Marine Biology Program goes to Mexico

Dieuwertje Kast

The Baja Field Studies Program students visited Mexico this summer with Dr. Javier Gago. They stayed at the GCC field station in Bahia de Los Angeles for two weeks. Designed around a credit course, at a cost of less than $1,000, students received transportation to and from Bahia de Los Angeles, meals and accommodations. While there, the students experienced local culture, snorkeled through the Sea of Cortez, witnessed an abundance of wildlife, and slept on the beach.

These students had a week of lecture and lab at the Glendale campus the week of June 18, left for Mexico on June 23 and returned on July 6. The two weeks were filled with lectures, taking notes in the field, and dissection of specimens, including a horned shark, blue footed booby, scorpion fish, sea star, sea lion, blue finned tuna and much more. Participants visited tide pools, bathed in cyanobacteria, “Dr. Gago’s Spa,” examined fossil beds with plentiful bivalvia, and even saw two endangered chuckwallas.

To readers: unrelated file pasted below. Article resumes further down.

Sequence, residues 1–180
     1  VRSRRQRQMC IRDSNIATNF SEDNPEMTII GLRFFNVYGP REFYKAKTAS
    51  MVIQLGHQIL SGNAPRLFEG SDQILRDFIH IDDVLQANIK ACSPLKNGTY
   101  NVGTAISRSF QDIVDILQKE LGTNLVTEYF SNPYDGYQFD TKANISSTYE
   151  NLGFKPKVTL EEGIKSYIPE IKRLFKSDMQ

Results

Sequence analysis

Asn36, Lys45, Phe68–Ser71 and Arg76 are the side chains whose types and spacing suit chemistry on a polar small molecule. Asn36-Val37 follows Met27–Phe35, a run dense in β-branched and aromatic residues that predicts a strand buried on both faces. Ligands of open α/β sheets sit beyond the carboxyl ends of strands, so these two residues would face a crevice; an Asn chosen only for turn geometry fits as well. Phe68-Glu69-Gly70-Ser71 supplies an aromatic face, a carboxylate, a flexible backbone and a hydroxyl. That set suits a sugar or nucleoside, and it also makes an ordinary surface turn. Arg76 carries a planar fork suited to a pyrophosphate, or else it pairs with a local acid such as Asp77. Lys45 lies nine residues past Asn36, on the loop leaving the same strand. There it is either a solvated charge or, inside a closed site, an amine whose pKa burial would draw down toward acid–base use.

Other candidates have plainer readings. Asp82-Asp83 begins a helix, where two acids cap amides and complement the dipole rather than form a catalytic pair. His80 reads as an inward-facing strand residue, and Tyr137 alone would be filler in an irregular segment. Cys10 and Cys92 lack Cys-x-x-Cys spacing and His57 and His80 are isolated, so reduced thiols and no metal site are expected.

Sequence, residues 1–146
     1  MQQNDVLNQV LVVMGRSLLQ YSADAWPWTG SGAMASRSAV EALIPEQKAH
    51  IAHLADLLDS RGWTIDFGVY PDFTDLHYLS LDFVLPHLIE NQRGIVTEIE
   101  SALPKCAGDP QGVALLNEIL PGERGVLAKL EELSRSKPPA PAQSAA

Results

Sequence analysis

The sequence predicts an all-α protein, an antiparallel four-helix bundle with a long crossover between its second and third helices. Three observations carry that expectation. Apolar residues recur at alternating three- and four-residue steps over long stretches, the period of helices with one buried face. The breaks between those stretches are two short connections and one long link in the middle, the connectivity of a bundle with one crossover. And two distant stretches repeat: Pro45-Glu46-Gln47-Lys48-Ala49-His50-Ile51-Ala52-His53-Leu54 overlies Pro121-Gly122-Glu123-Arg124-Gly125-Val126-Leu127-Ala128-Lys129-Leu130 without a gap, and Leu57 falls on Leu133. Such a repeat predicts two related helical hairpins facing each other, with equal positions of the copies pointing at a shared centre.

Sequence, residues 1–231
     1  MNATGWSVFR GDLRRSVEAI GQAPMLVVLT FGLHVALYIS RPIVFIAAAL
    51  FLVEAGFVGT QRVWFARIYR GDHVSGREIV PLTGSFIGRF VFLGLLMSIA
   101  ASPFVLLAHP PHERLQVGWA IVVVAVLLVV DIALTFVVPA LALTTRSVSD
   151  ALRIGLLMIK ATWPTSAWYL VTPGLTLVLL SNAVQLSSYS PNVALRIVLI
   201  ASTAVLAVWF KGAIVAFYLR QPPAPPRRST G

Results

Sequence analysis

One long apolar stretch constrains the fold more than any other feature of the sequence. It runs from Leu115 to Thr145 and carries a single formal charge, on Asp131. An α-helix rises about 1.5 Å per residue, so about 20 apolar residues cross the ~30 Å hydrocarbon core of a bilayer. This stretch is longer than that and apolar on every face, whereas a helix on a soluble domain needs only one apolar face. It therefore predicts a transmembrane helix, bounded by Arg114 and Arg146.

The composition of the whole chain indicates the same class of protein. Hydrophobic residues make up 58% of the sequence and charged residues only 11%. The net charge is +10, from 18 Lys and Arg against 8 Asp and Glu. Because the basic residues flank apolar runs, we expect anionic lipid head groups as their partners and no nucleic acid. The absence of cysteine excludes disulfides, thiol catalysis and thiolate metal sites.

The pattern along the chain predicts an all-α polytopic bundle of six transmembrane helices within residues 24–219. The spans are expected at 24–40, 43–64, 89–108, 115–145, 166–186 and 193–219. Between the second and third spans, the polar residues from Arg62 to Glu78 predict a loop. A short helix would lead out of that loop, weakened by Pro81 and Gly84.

Every morning, except for exam days, the class of 25 stepped into boats and started the day off with snorkeling, hiking, whale watching and other aquatic excitement. On one of the day trip, the students had the opportunity to swim with a 30-foot-long female or a 15-foot juvenile male whale shark. On July 4, the group boated with a pod of 150 dolphins that were jumping in and out of the water trying to catch a meal of anchovies. The anchovies delighted snorkeling students on an evening dive. The fish are Diurnal and when the dive lights were shined on them they became disoriented and confused and crashed right into the snorkelers.

The students enjoyed diving in the warm waters of the Gulf of California and witnessing the diverse wildlife of the Mexican Coral Reefs for themselves. They courageously braved the sea lion-filled waters and had an up-close and personal encounter with a 650-pound bull. One evening the whole class slept on a nearby island and the next morning most of them felt up to climbing a nearby volcano. Those who did were rewarded with aerial views of Baja and Bahia de Los Angeles, a fitting memory to end an unforgettable class.